8. Drain the sink and rinse the surfaces with water.
  9. Dampen a soft sponge or cloth and generously drizzle the sink with your powdered detergent of choice. Scrub the cleaner into the surface, paying particular attention to any stains.
  10. Rinse off the cleaner and evaluate the sink. Repeat to remove any remaining stains.
  11. If you want to soak limescale, use the vinegar-soaked cloth to scrub the remaining deposits. Slight mineral build-up should be gone by this point, more severe build-up may require multiple treatments with longer weeks.
  12. For garbage disposal sinks, a little cleaning and deodorizing is in order. Finely chop a lemon or lime (or just use a Plink citrus oil capsule). Run the drain with a stream of warm water and drop the lemon or capsule pieces into it. Let it run for 10-20 seconds.
  13. Wipe the entire sink with a dry cloth to remove all water. This step will help prevent water spots or mineral build-up.
  14. Drizzle a few drops of olive oil around your now-clean sink and buff the surface with a clean cloth. When you’re at it, the sink should look uniformly wet / polished.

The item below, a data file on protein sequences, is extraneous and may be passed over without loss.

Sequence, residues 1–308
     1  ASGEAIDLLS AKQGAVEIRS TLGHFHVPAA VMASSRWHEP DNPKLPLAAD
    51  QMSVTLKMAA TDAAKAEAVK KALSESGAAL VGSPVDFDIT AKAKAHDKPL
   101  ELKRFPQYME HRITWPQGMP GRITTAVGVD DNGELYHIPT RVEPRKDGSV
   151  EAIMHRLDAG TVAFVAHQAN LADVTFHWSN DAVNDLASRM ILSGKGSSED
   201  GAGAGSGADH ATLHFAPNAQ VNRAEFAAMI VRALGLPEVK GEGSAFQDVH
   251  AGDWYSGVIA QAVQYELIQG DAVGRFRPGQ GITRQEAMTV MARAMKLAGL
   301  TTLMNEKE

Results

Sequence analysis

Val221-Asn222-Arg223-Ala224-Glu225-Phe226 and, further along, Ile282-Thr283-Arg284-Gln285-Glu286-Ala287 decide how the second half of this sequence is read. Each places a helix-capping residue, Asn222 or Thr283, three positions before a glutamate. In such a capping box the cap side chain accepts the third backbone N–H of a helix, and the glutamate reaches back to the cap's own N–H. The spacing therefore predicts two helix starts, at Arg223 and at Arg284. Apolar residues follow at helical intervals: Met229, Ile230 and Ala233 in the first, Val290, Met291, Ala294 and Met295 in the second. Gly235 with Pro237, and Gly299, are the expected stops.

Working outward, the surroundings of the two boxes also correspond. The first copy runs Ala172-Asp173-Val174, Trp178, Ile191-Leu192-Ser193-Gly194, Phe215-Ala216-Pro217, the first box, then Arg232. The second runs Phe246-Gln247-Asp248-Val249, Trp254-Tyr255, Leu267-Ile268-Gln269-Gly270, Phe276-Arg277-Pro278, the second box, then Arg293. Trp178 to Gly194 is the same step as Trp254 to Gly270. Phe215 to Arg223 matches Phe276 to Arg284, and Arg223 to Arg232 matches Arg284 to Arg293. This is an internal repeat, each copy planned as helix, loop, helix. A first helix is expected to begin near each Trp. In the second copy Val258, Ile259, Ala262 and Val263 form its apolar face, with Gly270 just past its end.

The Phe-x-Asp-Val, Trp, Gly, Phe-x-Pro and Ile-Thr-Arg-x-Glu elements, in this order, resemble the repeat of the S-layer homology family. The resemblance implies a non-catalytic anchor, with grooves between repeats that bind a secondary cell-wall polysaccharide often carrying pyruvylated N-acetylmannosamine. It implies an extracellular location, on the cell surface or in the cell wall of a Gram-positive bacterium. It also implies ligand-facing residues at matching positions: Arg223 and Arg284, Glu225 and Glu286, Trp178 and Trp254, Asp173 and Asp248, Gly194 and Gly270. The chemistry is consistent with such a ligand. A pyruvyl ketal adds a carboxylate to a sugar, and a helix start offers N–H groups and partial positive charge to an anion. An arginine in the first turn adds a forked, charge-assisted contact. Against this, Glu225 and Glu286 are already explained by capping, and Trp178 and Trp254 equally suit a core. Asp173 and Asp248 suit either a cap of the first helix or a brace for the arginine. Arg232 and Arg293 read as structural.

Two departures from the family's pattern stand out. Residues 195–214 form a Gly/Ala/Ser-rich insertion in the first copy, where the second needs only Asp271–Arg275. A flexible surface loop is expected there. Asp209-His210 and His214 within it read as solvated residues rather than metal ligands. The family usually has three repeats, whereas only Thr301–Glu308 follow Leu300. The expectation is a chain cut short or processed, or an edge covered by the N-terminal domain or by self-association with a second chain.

It might be tempting to skip that last step, but we really recommend that you really polish and shine your sink. If you’ve never done it before, it probably sounds like a crazy step, but we assure you it has a weird halo effect when it comes to keeping your kitchen clean. Think of it like detailing your car: Once your car is so incredibly clean, you don’t want to get it dirty anymore. The same thing happens with the sink.

Do you have a bad habit of dumping dishes in the sink and leaving them for a later day? It feels bad to clean a sink you’ve just scrubbed and polished to perfection, so you’re more likely to put them directly in the dishwater instead. Trust us! You will soon find yourself striving to keep your sink in a polished condition, solving the problem of dirty dishes piling up overnight.

Now that your sink is in order, you’re ready to tackle the rest of the kitchen (and, in turn, the rest of your house). Follow our Spring Cleaning Challenge in the coming weeks for more tips, tricks and guidance!